I'll play devil's advocate here:
Foster's time as head coach with the Chiefs wasn't great. But people can develop and improve if they show that they can learn from past mistakes.
People defending Foster always say this, but it isn't true. Poor coaches never turn into good coaches.
By the time Foster left the Chiefs he had been coaching for well over a decade. If he wasn't good by then, he never was going to be. He showed no upward path then, yet we are meant to believe that he would start showing one twenty years into his career? That is the height of optimism.
While people do learn from past mistakes, they also carry over old ideas and ways from the past that rapidly get out of date. Once you get to a certain amount of experience, the new things you learn generally don't cancel out all the old baggage that you carry.
This has been studied in various fields. Teachers, for example, are best after eight years experience, regardless of how old they were when they started. After that time they generally get worse with added experience.
It's why one of the best things a person who is a bit jaded can do is do something else, even if only for a short while.
Foster is doing exactly what the nay-sayers predicted -- picking favourites he won't drop, having fantastic performances followed by inexplicably bad ones, fielding teams with game plans that are out of date. That's who he is, and more experience is not going to change that.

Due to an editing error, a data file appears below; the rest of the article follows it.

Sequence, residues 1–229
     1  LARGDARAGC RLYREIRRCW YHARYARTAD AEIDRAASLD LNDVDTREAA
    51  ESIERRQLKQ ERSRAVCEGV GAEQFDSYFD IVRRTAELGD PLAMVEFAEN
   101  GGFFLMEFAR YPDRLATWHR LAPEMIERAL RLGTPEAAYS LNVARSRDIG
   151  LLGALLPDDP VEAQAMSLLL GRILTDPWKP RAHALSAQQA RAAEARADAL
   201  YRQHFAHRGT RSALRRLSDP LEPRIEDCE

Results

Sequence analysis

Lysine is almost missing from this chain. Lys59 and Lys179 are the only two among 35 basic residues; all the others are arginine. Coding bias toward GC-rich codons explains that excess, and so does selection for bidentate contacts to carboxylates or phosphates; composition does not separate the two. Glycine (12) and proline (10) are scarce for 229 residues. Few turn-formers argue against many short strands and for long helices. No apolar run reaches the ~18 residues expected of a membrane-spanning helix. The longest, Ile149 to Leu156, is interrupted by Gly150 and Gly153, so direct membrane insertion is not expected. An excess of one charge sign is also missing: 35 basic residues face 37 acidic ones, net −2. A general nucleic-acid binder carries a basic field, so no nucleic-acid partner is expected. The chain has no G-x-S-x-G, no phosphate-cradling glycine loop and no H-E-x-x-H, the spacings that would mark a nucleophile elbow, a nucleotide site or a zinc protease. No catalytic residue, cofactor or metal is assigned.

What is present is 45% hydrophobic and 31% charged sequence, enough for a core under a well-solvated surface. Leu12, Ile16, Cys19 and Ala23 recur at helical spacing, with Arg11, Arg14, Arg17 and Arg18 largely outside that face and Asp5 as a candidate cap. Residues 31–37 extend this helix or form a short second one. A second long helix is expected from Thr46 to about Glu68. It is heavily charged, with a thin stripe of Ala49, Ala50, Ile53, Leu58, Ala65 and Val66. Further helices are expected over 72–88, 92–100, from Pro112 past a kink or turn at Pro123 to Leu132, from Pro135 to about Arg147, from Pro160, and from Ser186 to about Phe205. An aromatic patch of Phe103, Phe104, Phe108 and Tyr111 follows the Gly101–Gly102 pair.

Can you persuade me by giving examples of coaches who got better after more than a dozen years on the job? They are few and far between. Even great coaches tend to fade with age, rather than get better, which is also contrary to the "you get better with experience" line.
NZ Rugby got cocky. Like the great Auckland run of the 90's, then the great Crusaders run when they persisted with Blackadder, they actually believed that their systems were more important than the people they hired. As long as the man involved knew the system, then he would get results, because the system was so awesome. Someone like Robertson who was obviously going to change the system was actively avoided.
Foster was hired not because he was the best coach, and they knew that, but because he would continue the system. Turns out that their system always depended on having the best coaches after all.
So, as we saw with Blackadder and the Crusaders, a slip in results did not lead to a change in coach. They simply knew the system would win out, so they persisted for eight years of mediocrity. Luckily for them the next coach was from the system too, but good, so they started winning again. They are going to be baffled in Crusader land when the system doesn't work when he goes. The Blues were less lucky. They could not get their heads around why their system didn't give them championships once Graham Henry left. It turns out their much vaunted system required having the best coach, after all. (They didn't even get it once Henry returned and gave them one more championship, they were that pig-headed about it.)
The Chiefs persisted with eight years of Foster. The Crusaders with eight years of Blackadder. The Blues decades of uselessness. That NZ Rugby will come to their senses and realise that the coach is the problem is still some four years away. If we are lucky.